Step 6: Define your digital marketing channels
It is important to define the primary digital channels you will use before developing a content marketing strategy. Your chosen medium should be based on your objectives, audience, situation, goals, and budget.
Let’s say your aim is to promote your local business, and your goal is to reach more customers near your store.
In that case, you can use Facebook and personalised Facebook ads as your digital marketing channel. This will boost local traffic and sales by reaching out to more people in your surrounding area.
Facebook is free, and Facebook ads aren’t too expensive and work great for finding local customers.
Using Facebook could be an ideal channel to leverage for this business objective.
In the example above, the other option I would suggest is the optimisation of your Google Business Profile.
Google Business Profile is an excellent tool. It’s a free service and perfect for local small businesses.
It works like an online directory, but is integrated into Google Search and Google Map.
Keyword queries like “near me” or keyword searches in Google Maps trigger the Google Business Profile Knowledge Graph and Maps’ pack to show businesses nearby based on the search query. For example, “best Thai restaurant”, “plumber Leicester” or “solicitors near me”.
Over 50% of ‘near me’ searches result in a store visit.
If you were the business owner of one of those businesses, you would want to be high on the Maps pack list and get that call or traffic to the website, wouldn’t you?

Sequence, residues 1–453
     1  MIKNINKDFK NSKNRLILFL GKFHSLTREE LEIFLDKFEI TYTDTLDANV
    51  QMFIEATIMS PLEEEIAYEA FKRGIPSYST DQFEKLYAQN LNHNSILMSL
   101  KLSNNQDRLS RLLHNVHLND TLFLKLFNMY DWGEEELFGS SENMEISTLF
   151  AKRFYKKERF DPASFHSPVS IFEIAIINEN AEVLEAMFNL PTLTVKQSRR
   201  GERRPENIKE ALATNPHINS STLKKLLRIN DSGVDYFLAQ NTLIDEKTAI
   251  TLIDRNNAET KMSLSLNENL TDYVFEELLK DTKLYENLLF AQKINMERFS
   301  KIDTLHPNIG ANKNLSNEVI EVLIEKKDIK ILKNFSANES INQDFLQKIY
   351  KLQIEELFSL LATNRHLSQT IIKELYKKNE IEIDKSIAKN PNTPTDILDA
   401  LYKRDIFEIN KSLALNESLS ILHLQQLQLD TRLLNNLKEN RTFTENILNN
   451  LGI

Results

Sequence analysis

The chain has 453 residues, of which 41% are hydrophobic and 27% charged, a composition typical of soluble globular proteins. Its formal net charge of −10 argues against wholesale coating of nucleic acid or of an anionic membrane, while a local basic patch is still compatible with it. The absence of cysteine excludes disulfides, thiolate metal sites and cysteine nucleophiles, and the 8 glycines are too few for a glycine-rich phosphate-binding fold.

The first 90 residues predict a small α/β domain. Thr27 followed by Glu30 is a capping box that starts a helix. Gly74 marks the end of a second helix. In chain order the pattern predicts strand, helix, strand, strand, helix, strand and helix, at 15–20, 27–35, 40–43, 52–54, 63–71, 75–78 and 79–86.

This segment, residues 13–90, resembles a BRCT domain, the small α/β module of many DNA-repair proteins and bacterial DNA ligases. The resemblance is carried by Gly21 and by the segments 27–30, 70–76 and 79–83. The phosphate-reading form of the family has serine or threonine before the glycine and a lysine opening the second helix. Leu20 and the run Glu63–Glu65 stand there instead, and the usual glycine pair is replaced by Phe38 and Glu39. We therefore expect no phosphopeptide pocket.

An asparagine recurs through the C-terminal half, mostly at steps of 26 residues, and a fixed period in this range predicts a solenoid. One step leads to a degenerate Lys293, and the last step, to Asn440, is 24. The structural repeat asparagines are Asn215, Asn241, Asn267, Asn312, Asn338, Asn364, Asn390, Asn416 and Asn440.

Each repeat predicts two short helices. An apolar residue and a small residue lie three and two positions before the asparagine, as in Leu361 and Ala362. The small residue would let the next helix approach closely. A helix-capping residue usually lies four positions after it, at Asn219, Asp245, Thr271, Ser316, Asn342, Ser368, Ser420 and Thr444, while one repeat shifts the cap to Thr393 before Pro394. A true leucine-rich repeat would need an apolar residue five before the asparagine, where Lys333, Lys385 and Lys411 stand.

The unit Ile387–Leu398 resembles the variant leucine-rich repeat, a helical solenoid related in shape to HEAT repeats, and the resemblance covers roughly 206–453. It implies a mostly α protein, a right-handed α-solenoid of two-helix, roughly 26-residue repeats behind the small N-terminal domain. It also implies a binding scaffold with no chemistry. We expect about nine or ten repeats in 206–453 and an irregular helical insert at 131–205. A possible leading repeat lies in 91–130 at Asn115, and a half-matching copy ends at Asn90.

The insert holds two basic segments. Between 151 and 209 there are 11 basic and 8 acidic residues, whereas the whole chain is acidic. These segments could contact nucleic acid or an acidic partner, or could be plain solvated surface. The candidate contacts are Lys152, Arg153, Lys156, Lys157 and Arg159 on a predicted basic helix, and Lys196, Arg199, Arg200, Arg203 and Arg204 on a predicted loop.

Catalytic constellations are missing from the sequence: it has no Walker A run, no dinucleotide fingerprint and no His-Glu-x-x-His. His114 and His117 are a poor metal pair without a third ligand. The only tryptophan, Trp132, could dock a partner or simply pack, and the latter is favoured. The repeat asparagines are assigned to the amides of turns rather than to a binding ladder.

Consider where your audience spends the most time online when defining your digital channels.
If you are in the B2B industry, you might want to consider using LinkedIn or webinars.
It may make sense to consider influencer marketing on Instagram.
Use the channels your audience prefers and deliver value to them.
You will probably want to generate leads, raise brand awareness, improve conversions, and so on.
Ultimately, you want to get more sales.
You can create a mix of strategies by working with your digital marketing agency to target one or more of those objectives.
Please revert to the marking methods we covered earlier for details of different marketing channels. But in general, for small businesses, the following digital marketing channels need to be considered:
- Content Marketing strategy: eBooks, whitepapers, lead magnets, resources, blogging, content for SEO
- Email Marketing channels: email signatures, email lists, banners, newsletters, shopping carts, etc
- Social Media channels: Instagram, Facebook, LinkedIn, Twitter, online community bulletin boards like Facebook Groups, Facebook Live etc
- Websites: Your own website
- Referral Channels: Directories, websites that reference your page/company, etc
- Organic Search (SEO): Appropriate title tags, meta descriptions, keywords, etc., for on-page SEO. Backlinks for off-page SEO
- Local SEO: Local pages on a website, local ads, reviews, Google Business Profile, Google Maps, Citations
- Paid Search (SEM): Google Ads, Facebook Ads, Microsoft Ad Networks
- Mobile: Mobile apps, mobile websites
- Display Ads
- Affiliate Marketing
- Video Marketing
- Referral Marketing
Therefore, different digital marketing channels work differently and will yield different results.
You may also find that what works for one brand or small business won’t necessarily work for you.
It is ideal for testing various channels and strategies to determine which one works best.
If you are unsure how to successfully implement one or more of the suggested channels, please contact us, as that’s what we do.
Step 7: Plan your marketing schedule
To determine exactly when your digital marketing campaigns should be implemented, use this calendar in your marketing schedule.
Thus, you will be more likely to meet deadlines and execute the plan effectively throughout the year if you follow these steps.